Katie was quick to roll, to sit up, to stand. She walked at 10 months, ran at 11.
Physically, she has been a dynamo. Climbing, tumbling, maneuvering.
But, she was quiet. So quiet, in fact, that concern began creeping into the corners of my brain very early on. Babble she did not. She would make noises occasionally, in the car seat or in her bed. She was bursting with smiles and belly laughs, but, as the months passed, it became clear that her speech wasn’t coming as it does in a typically developing child.
We raised our concerns to our families, who assured us that speech delay wasn’t uncommon in each of our families. My father didn’t speak until he was three, Craig’s brother until he was nearly that.
So, I would try to put it out of my mind, but there was a nagging there, a relentless voice nudging me to ask more questions, to seek help for our sweet baby girl.
We taught Katie baby signs and she got to a point where she was learning a new sign every day. She absorbed them and talked a mile a minute with her hands. It was a beautiful thing to witness. But still, I longed for her to use her voice.
We asked our pediatrician, who reassured us, telling us that she was still well within the range of typical development. He pushed us to go home and give her time. We pushed back.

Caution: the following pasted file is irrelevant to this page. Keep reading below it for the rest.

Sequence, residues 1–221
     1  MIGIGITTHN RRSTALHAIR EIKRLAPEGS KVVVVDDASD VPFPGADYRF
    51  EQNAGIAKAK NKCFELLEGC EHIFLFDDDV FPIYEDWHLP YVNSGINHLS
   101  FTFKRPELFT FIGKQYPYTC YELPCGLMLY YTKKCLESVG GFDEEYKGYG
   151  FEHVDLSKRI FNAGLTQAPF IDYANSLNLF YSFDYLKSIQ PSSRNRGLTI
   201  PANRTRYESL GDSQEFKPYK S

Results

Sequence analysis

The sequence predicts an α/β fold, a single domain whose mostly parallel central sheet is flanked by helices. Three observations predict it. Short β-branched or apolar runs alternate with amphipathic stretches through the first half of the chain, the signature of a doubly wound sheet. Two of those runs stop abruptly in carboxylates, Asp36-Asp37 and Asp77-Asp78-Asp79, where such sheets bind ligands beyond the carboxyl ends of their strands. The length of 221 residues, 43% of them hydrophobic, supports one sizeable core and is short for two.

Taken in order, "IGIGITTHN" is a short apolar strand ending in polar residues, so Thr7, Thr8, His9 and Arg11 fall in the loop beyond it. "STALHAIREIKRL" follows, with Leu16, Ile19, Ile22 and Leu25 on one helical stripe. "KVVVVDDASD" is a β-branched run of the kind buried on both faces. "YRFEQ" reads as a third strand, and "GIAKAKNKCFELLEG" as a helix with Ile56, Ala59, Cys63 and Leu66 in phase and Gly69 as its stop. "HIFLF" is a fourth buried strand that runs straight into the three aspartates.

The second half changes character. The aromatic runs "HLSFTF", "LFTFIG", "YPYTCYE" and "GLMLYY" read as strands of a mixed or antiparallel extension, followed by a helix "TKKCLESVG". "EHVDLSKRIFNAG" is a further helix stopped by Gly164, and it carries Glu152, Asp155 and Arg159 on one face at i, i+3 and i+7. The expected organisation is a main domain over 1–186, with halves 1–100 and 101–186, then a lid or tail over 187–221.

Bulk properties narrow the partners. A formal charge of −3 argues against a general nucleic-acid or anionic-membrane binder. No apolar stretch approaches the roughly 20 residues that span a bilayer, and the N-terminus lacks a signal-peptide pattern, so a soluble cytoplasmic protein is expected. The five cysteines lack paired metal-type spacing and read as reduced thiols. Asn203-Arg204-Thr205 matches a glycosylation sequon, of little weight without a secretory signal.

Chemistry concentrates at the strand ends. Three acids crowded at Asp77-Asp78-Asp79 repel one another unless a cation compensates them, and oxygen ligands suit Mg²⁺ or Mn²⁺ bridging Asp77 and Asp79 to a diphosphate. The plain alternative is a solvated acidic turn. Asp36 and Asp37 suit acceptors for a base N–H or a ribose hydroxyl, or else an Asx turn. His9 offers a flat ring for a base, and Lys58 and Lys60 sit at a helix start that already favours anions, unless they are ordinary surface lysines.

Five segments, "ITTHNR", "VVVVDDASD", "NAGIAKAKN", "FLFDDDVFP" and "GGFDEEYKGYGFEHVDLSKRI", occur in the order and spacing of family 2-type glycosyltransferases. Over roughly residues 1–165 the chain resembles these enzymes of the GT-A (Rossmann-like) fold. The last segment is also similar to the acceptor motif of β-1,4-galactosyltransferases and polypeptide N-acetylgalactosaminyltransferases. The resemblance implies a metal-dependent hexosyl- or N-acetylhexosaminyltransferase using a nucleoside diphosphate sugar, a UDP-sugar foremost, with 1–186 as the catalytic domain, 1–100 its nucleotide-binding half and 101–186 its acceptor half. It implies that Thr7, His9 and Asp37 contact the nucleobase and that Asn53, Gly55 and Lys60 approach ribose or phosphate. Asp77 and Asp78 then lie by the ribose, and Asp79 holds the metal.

We were referred to a speech therapist for evaluation. Katie was fifteen months old by then. At our insistence, this therapist, although partially agreeing with our pediatrician, put us in touch with an agency that would match us with a long-term speech therapist. It took months to get everything in place so that Katie could begin getting help. Through this process we learned just how important it would be to serve as Katie’s advocates.
Lyndsey, Katie’s amazing speech therapist, entered our lives when Katie was just 21 months old.
There was something magical about her. She recognized the same things in Katie that we had been concerned about. She offered us real validation and her energy brought us optimism.
When she first began with our baby girl, Katie said two words: Da Da and Ma Ma. That’s it. She wouldn’t imitate any sounds for us or for Lyndsey.
For a few weeks, Katie wouldn’t really engage with Lyndsey. When offered a toy, she would happily accept it and then sit down to play with it, with her back to Lyndsey. She liked her, but didn’t want to do the work that was being asked of her.
The weeks passed and I grew concerned that there was something even more frighteningly wrong than I had previously thought. I became obsessed with diagnosing her and Googled everything. I bought books and read everything that I could get my hands on. I eventually settled on a diagnosis of apraxia of speech. I shared my concerns with Lyndsey, who encouraged me to resist diagnosing Katie, as even if she did indeed have apraxia, she couldn’t be tested for it until she was three. Each time I brought it up, Lyndsey heard me out, calmed me down, and made me focus on the progress that Katie was making. She empowered me by offering me ideas for how I could help Katie, teaching me techniques and helping me to focus on the ways in which Craig and I could have an impact on Katie’s development.
In one of the most helpless times of our lives, she gave us power. We will never forget that.